Few of the returnees realized they were passing the point of no return
The arrival at Wonsan was a rude awakening. The shock they experienced when their ships entered the Wonsan harbor has been described or at least mentioned by pretty much every single returnee (or a returnee’s child), and similar memories are very common in published memoirs as well.
Upon arrival, the returnees saw something very different from the shining paradise they had been told to expect. Instead, they faced a small and colorless town which, to quote one of my contacts, “looked much worse than even the poorest Japanese town, worse than we could imagine”.
The dark brown barren hills surrounded a cluster of small, often dilapidated buildings, and some returnees say that they had a feeling of being suddenly transported three decades back in the time. The locals who came to greet the new arrivals (the Wonsan authorities staged massive welcome rallies every time a new ship arrived) were clad in what looked pretty much like rags and, to make things worse, many looked malnourished. Everything from cranes on the port to trucks on the street looked outdated and poorly maintained. It was not the sophisticated country they had been told to expect.
In the first few days, some of the returnees met with friends and families who had moved to North Korean earlier. They expressed their congratulations in public, but used their first minutes of reasonable privacy to brief the newcomers about the local situation – often switching to Japanese to increase the security of their communication.
It was not the sophisticated country they had been told to expect
The veterans’ words were not encouraging. New arrivals were told that they should immediately forget about the liberal niceties they had enjoyed in Japan and under no circumstances should they express any displeasure at what they saw and would see.
Behaving in a different way, they were told, would be dangerous and completely stupid. Almost immediately some learned that a number of their friends and relations had disappeared without a trace soon upon their arrival. They were presumed to be somewhere in prison –in many cases because they were too talkative. In no time it became clear that any suggestion about going back would get a person in a great trouble.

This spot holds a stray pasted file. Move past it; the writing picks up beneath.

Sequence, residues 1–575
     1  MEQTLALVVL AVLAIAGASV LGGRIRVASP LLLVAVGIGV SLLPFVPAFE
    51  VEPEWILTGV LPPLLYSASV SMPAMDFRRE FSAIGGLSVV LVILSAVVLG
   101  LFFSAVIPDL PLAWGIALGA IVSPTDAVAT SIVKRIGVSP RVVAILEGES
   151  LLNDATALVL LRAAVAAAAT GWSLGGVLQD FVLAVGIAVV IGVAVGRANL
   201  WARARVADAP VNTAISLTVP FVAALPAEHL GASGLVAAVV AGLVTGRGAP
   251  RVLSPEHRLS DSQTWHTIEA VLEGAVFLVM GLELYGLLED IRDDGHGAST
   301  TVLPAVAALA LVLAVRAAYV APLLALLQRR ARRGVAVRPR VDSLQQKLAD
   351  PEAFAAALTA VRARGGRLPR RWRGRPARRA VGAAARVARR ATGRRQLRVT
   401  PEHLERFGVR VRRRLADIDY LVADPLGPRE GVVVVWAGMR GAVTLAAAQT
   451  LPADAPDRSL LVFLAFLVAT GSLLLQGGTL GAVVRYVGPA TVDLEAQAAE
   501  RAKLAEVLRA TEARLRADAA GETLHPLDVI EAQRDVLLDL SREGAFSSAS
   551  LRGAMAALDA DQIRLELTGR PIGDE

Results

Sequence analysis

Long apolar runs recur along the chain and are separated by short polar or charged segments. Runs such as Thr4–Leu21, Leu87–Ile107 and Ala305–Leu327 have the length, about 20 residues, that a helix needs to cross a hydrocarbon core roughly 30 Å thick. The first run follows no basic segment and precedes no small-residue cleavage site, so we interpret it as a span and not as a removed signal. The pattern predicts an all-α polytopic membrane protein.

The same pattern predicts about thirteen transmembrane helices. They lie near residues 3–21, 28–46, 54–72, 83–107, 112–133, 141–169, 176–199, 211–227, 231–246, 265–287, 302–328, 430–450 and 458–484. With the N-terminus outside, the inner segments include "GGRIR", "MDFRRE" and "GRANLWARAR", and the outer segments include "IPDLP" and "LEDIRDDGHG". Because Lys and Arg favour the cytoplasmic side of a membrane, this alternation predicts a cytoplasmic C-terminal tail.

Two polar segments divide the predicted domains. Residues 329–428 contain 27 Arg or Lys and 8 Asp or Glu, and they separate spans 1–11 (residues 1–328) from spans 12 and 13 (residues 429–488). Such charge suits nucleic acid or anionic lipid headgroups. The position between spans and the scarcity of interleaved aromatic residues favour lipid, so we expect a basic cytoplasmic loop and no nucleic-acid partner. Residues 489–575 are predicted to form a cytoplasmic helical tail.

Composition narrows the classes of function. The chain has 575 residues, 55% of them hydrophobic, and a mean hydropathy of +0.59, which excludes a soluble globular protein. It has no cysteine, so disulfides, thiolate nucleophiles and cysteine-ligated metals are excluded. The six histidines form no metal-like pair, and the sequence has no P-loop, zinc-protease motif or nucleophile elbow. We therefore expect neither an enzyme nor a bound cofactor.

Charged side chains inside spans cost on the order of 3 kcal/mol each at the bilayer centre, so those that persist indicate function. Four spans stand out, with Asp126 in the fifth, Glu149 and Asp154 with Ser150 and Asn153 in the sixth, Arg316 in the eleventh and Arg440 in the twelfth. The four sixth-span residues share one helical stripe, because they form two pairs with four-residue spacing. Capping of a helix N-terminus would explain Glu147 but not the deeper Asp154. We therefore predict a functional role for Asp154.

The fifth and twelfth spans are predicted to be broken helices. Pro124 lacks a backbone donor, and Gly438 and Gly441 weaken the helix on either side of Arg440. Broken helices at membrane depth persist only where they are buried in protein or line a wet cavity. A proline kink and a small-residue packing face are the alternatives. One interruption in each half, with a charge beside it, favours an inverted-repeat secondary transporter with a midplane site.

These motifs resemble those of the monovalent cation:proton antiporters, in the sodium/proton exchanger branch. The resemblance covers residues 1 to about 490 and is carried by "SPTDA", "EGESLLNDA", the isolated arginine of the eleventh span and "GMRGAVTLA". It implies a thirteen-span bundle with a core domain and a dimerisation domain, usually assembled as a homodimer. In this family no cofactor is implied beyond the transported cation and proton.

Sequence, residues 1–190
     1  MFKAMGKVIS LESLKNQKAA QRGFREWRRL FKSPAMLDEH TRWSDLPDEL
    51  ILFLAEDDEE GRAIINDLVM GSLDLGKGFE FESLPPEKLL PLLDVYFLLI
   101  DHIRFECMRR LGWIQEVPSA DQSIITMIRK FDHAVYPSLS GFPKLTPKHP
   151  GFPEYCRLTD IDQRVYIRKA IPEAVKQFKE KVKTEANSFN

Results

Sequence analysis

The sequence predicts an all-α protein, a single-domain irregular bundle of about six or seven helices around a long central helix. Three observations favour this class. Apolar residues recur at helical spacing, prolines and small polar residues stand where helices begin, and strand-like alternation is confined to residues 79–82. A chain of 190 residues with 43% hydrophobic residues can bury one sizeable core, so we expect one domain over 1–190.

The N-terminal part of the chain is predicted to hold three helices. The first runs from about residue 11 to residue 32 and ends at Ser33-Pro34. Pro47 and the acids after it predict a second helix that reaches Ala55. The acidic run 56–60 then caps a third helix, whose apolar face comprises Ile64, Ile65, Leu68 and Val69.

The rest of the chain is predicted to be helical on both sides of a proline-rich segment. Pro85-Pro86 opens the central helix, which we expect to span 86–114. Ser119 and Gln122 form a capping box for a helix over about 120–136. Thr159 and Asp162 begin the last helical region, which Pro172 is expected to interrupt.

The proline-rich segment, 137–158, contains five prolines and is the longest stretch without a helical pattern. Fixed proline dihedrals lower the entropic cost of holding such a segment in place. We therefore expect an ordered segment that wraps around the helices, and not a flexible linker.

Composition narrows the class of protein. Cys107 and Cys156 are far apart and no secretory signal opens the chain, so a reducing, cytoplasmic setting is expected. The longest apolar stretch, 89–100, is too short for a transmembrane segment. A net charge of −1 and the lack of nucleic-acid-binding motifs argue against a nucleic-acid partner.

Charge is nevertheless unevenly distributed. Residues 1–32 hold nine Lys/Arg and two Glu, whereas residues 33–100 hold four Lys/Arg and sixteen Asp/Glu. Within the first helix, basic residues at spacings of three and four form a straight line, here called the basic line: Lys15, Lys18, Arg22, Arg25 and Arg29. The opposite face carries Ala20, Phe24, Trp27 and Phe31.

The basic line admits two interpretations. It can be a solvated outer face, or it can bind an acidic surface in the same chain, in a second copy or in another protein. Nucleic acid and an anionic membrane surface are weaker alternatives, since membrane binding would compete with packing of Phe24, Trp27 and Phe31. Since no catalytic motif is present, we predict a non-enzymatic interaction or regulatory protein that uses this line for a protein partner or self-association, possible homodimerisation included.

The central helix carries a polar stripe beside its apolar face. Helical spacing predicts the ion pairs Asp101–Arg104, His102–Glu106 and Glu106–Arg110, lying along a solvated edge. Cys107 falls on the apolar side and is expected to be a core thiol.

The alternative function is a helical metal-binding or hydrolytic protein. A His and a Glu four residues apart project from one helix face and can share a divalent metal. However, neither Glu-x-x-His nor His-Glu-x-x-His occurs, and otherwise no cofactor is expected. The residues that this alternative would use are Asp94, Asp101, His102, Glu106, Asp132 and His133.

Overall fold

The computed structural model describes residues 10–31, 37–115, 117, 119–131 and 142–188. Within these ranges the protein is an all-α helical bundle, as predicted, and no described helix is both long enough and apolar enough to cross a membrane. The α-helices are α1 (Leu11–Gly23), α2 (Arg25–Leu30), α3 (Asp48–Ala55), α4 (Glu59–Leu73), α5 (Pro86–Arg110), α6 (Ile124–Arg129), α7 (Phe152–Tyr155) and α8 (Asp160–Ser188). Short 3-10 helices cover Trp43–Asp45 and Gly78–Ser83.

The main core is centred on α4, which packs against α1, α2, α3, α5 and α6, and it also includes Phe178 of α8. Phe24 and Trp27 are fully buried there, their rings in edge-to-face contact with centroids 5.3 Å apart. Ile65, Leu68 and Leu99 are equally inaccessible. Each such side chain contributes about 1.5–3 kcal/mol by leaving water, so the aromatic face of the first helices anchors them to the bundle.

Upon arrival, the returnees were allocated new places of residence. Those who had skills often did pretty well (by North Korean standards, at least), but many returnees found themselves settled in remote villages where they were assigned difficult and unskilled jobs.
In no time it became clear that any suggestion about going back would get a person in a great trouble
In few years time it became clear that things were even worse than they appeared at first. In the hierarchy of the notorious ‘songbun’ structure, returnees and their children were classified as people of suspicious origin, members of either ‘wavering’ or even ‘hostile’ class.
As such, they were usually not eligible for jobs which would provide them with any real power. No returnee could become a party official or a police officer, for example, and their low standing also meant that many of them were not allowed to settle in Pyongyang and major cities, and were not eligible for admission to good colleges.
The dream of a socialist paradise collapsed, but soon the returnees began to discover that their situation was actually better, in many ways, than the situation of people around them. Their connection to Japan became a valuable resource which, for decades, helped them to live and prosper in a generally inhospitable environment.
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Featured Image: Wonsan by Clay Gilliland on 2014-06-26 13:09:15